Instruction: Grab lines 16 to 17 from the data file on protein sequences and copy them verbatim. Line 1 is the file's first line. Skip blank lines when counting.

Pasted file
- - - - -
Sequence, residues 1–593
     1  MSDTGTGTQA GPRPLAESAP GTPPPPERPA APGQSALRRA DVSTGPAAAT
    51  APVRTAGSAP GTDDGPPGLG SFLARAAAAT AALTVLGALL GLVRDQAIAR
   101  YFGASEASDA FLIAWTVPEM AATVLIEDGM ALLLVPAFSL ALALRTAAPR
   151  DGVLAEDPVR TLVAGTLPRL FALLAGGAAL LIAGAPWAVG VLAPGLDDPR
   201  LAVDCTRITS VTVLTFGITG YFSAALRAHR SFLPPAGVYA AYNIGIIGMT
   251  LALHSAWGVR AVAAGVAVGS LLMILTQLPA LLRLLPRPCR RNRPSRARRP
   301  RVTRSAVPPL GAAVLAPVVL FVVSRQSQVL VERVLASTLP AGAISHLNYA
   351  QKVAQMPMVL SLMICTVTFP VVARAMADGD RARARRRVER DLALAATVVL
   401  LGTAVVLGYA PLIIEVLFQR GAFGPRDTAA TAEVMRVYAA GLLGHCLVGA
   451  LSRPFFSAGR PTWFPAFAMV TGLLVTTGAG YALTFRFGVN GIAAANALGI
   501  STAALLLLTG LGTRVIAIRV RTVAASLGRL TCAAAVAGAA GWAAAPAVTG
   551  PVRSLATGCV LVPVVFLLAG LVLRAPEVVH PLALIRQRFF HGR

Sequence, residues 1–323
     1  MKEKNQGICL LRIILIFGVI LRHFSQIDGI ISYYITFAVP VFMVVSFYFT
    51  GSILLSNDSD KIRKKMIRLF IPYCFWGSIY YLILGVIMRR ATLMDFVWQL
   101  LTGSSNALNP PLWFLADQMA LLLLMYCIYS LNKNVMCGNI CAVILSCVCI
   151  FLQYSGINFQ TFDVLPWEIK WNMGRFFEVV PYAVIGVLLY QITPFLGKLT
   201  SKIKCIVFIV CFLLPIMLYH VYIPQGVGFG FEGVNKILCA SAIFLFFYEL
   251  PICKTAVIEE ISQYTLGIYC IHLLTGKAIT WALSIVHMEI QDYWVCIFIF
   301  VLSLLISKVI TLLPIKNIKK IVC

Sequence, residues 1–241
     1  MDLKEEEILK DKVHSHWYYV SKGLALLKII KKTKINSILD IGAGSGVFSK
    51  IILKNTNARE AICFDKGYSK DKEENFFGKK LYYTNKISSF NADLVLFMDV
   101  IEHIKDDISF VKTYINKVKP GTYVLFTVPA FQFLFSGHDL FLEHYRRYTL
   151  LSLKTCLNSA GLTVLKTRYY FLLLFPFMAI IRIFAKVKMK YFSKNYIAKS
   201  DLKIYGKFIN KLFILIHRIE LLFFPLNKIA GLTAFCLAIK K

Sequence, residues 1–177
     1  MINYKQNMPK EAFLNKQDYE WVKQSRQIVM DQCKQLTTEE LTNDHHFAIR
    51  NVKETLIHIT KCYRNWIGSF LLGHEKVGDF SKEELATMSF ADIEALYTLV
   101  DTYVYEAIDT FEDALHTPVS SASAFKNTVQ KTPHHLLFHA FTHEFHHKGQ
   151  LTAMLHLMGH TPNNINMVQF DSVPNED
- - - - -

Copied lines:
    51  GSILLSNDSD KIRKKMIRLF IPYCFWGSIY YLILGVIMRR ATLMDFVWQL
   101  LTGSSNALNP PLWFLADQMA LLLLMYCIYS LNKNVMCGNI CAVILSCVCI